Free Sample from Peter Rogerson

This page should contain a FREE SAMPLE of my children's book, Officer Gentry and the Ghost of Mavis Adder. Intended for children aged around 9 - 11 it's a rattling good tale of time travel and adventure. Here's part of the first chapter, and I suppose there's a chance it might encourage lost souls who stumble over my ramblings to order the whole thing. Or not. Maybe not. But if you are interested there's always the possibility of clicking here



Chapter One

The Remote-Control

Officer Gentry wasn’t an Officer except by name. You might think anyone called Officer would wear a military Uniform and order people about all day in a very loud voice, but Officer Gentry was, thankfully, nothing like that.

He was an eleven year old boy who had managed to get that name because his mother was a rather silly woman who, at the time of his birth, had been totally convinced she might well be a pop star one day soon, and she was well aware that pop stars had children with unusual names. The truth was she couldn’t sing (though she was convinced that she could) and anyone who saw her dancing knew that she couldn’t do that either (though, again, she thought she could). But, sadly, the common opinion was she had two left feet, though it would have taken a brave person to suggest that to her.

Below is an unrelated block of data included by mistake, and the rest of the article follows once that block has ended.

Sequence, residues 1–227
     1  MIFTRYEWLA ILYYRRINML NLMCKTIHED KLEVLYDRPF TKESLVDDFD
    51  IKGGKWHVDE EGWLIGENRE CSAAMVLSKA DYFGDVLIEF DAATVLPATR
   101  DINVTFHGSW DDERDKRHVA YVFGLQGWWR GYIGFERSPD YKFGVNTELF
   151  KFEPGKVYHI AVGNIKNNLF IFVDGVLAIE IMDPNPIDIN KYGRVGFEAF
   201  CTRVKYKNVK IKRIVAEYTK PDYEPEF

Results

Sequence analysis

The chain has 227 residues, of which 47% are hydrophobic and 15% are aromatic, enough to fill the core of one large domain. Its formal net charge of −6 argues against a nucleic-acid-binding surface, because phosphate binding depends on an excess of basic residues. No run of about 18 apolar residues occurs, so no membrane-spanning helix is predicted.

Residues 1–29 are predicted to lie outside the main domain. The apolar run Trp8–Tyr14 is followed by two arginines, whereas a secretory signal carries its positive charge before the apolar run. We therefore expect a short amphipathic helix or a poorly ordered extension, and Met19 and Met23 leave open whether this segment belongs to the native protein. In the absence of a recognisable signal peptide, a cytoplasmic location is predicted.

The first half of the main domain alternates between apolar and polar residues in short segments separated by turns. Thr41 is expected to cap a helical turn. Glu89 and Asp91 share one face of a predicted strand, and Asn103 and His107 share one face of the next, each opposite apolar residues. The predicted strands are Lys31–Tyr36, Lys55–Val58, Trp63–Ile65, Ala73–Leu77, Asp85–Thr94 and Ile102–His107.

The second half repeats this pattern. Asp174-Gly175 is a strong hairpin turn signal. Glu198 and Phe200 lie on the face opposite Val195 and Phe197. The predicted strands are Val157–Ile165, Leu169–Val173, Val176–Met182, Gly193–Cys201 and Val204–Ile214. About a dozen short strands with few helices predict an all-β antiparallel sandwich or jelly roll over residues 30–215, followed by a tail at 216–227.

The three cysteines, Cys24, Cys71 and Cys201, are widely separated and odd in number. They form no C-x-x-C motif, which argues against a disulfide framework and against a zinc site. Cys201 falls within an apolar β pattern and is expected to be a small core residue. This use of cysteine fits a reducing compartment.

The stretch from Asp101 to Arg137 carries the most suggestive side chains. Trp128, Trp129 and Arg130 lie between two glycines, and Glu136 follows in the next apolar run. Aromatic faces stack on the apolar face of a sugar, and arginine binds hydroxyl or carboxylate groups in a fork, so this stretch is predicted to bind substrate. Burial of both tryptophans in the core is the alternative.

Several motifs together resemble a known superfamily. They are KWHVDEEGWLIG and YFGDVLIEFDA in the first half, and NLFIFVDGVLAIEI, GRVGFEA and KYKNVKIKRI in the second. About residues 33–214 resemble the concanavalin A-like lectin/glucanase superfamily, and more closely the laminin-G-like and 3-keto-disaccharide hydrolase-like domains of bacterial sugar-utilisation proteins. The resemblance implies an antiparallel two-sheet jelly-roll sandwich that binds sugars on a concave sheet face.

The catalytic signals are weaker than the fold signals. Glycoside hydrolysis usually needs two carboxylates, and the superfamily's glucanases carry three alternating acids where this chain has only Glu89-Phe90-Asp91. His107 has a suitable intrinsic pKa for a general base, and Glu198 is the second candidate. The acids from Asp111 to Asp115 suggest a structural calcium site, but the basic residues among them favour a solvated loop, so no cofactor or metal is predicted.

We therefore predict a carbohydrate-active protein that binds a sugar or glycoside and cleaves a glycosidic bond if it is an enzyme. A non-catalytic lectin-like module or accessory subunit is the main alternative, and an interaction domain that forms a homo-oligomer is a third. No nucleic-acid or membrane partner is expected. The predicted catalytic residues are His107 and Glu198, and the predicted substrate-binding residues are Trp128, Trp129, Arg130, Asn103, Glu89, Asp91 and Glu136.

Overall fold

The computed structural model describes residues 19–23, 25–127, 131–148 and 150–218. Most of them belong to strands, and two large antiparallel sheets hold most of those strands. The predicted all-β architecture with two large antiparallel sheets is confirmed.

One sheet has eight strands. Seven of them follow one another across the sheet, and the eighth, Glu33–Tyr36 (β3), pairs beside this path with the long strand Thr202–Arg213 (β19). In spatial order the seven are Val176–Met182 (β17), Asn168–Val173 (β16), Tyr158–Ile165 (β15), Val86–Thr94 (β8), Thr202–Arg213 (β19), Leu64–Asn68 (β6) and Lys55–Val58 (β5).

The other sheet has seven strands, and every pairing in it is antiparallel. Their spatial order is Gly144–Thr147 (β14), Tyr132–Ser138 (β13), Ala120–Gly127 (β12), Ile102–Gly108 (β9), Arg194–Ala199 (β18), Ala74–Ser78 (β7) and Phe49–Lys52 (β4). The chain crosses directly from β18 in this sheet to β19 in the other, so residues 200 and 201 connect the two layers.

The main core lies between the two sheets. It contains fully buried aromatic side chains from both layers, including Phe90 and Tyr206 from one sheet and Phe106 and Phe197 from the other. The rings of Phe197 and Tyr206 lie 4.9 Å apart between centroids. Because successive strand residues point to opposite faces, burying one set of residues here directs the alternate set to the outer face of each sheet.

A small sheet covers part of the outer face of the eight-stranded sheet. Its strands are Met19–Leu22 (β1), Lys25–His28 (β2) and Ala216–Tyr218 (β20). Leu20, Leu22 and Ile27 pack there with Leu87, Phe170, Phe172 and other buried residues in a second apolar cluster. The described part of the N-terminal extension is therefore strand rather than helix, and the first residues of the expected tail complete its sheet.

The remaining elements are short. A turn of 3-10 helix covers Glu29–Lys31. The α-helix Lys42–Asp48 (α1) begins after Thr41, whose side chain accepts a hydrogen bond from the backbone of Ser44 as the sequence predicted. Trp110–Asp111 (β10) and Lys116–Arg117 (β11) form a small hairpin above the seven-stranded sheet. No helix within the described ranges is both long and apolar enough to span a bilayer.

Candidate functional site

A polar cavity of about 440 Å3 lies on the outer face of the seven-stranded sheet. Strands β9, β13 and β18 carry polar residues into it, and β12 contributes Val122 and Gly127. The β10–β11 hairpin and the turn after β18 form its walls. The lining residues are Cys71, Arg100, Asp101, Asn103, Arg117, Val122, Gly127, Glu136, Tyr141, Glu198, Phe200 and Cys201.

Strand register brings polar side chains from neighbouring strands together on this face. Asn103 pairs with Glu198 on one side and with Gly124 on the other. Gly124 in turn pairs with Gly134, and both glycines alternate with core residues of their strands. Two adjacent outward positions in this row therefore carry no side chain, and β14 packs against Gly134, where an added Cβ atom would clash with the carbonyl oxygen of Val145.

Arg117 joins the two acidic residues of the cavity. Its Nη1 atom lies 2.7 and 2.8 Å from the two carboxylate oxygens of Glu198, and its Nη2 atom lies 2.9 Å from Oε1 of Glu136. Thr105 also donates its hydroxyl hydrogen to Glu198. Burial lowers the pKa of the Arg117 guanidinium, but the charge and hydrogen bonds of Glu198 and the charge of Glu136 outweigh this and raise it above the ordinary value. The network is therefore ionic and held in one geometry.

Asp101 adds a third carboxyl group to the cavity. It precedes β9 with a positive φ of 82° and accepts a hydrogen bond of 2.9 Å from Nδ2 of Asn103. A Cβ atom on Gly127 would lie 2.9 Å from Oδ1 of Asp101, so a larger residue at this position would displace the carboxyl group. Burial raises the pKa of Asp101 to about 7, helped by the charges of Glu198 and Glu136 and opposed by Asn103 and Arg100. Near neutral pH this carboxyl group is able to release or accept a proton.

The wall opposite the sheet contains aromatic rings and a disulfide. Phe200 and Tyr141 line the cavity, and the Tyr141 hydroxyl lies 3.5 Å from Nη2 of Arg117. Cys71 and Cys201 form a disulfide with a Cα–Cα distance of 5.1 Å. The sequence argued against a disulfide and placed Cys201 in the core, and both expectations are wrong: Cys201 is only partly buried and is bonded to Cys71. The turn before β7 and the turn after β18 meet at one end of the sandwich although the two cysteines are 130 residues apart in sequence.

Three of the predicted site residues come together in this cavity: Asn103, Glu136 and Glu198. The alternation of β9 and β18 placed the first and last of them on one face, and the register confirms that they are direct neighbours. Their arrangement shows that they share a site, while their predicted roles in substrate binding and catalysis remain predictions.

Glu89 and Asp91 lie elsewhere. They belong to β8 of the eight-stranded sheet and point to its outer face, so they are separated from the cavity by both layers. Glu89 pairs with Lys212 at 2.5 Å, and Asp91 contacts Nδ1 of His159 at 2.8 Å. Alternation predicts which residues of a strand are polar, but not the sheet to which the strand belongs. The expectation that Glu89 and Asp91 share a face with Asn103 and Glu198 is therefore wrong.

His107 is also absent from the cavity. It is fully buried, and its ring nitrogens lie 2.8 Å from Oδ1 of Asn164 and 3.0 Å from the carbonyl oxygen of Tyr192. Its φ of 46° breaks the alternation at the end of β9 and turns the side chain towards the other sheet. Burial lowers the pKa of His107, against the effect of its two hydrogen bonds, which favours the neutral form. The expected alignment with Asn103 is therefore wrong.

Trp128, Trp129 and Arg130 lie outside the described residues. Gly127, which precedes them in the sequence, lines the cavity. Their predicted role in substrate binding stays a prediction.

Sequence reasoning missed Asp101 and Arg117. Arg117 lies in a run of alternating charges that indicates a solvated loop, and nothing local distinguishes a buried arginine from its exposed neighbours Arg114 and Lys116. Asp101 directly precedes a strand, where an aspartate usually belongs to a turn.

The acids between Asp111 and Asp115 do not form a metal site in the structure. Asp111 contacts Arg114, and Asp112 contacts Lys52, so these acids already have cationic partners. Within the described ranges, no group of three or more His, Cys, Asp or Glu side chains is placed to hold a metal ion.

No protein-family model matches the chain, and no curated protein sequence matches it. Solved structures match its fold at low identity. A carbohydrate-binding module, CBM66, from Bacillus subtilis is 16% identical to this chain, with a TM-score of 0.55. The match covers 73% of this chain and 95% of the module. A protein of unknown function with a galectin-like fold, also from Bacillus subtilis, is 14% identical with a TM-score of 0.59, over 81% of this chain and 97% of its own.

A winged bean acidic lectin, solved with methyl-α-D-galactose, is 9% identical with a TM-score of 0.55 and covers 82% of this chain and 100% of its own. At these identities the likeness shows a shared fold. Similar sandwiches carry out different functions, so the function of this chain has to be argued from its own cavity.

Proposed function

The boy’s father, on the other hand, had been a really rather distinctive military man, so distinctive that in those far-off days he’d sported a huge moustache, the sort that made it quite clear that he was really an Officer. But behind the moustache and the military bearing everyone who knew him said he was an “old softy”, and his circle of uniformed friends (when there was no chance of him overhearing) whispered that he’d not last long in the armed forces.

But back to Officer Gentry (Junior).

This is what happened eleven years before the story really begins.

The baby was due to be born next week and the hopeful pop-star mother-to-be was enjoying a glass of orange juice in the dining room at the base where the father-to-be worked. It was the Officer’s dining room, but in the armed forces they don’t use the word dining room. Instead they call it a mess. I don’t know why they call it a mess and it does seem the least appropriate of names for a place where food gets to be eaten by people who are all supposed to be older than two, but mess is the word you’ll find in any dictionary.

The mother-to-be was sipping from her orange juice when she pulled the most outrageous of faces out of the blue and turned as pale as most people would turn if they suddenly and unexpectedly came face-to-face with a ghost (of which more later). But she hadn’t come face-to-face with a ghost at all, suddenly and unexpected or otherwise: far from it.

She was beginning to have her baby.